The Extreme Proterozoic: Geology, Geochemistry, and Climate
Copyright 2004 by the American Geophysical Union.
Editor(s): Gregory S. Jenkins, Mark A.S. McMenamin, Christopher P. McKay, Linda Sohl
Published Online: 22 MAR 2013
Print ISBN: 9780875904115
Online ISBN: 9781118666289
Book Series: Geophysical Monograph Series
About this Book
Published by the American Geophysical Union as part of the Geophysical Monograph Series, Volume 146.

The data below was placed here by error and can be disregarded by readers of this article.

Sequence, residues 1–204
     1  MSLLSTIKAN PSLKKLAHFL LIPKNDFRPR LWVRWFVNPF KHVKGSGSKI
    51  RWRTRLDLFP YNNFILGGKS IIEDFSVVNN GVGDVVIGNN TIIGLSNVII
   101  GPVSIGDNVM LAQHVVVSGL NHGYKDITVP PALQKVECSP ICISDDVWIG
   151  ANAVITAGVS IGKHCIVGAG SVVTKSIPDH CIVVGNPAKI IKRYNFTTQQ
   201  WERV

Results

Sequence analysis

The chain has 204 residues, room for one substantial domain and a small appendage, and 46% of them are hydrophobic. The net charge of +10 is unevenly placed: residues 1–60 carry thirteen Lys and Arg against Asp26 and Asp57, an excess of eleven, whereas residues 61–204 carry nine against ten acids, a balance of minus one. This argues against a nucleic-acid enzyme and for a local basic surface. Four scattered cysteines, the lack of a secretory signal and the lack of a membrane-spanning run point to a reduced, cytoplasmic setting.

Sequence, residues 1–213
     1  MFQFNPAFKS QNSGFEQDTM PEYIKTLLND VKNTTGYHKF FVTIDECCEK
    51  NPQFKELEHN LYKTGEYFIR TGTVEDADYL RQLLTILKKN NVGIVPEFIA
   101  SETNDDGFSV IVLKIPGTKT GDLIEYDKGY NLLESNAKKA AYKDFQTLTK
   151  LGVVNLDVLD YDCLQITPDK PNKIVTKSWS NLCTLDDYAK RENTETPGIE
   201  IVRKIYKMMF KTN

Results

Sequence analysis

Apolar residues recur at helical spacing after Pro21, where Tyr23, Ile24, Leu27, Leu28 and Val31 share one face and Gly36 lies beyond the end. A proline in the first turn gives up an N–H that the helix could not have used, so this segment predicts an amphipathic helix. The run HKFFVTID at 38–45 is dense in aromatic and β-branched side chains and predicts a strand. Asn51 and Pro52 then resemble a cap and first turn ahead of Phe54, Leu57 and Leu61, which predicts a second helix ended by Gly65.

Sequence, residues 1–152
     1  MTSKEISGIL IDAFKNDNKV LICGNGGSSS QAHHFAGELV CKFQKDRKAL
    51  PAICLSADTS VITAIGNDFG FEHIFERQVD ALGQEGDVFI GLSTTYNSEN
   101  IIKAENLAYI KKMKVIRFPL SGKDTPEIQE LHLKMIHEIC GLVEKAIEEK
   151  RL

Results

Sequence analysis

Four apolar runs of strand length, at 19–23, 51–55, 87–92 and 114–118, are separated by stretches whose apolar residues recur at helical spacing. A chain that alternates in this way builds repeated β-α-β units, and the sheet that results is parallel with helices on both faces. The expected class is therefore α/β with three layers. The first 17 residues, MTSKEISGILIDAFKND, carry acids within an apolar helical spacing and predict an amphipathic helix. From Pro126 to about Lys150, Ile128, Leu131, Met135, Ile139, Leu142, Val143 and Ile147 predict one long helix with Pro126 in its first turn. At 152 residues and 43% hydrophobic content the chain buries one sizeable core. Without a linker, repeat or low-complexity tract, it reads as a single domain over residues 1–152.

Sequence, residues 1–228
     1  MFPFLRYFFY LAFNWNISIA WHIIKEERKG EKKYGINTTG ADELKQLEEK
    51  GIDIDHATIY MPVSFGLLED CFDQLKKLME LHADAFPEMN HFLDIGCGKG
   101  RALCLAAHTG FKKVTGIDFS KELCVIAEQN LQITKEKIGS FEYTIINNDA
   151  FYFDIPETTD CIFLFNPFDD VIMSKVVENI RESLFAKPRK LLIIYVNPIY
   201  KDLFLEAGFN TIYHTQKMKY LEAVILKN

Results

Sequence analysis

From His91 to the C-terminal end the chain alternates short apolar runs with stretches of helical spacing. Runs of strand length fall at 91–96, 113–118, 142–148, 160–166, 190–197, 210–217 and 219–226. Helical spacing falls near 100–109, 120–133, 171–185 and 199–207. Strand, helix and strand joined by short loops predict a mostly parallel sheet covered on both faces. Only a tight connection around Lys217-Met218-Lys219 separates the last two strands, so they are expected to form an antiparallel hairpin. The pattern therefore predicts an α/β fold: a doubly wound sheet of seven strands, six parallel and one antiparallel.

Earth climate is uniquely determined at any time by the varied interactions of its components: lithosphere, biosphere, atmosphere, hydrosphere (ocean, lakes and rivers) and cryosphere. Over the past 544 million years (the Phanerozoic Eon), these components of the climate system have undergone significant changes but perhaps none more extreme than in the Proterozoic Era (2.5 G-544 Ma) With at least three periods with low-latitude glacial deposits (during the Palaeoproterozoic and Neoproterozoic), the cryosphere may have dominated the earth's surface, possibly the only such event in earth's history. Indeed, if the Earth had an obliquity similar to the present (23.45), then low-latitude glaciation could represent a nearly ice- and snow-covered globe. Effects would have been multiform: The influence of the hydrosphere would have been at a minimum and most living organisms would have been confined to small areas of open ocean if they existed at all, or possibly near hydrothermal vents. The atmosphere would have been very dry and nearly cloud-free.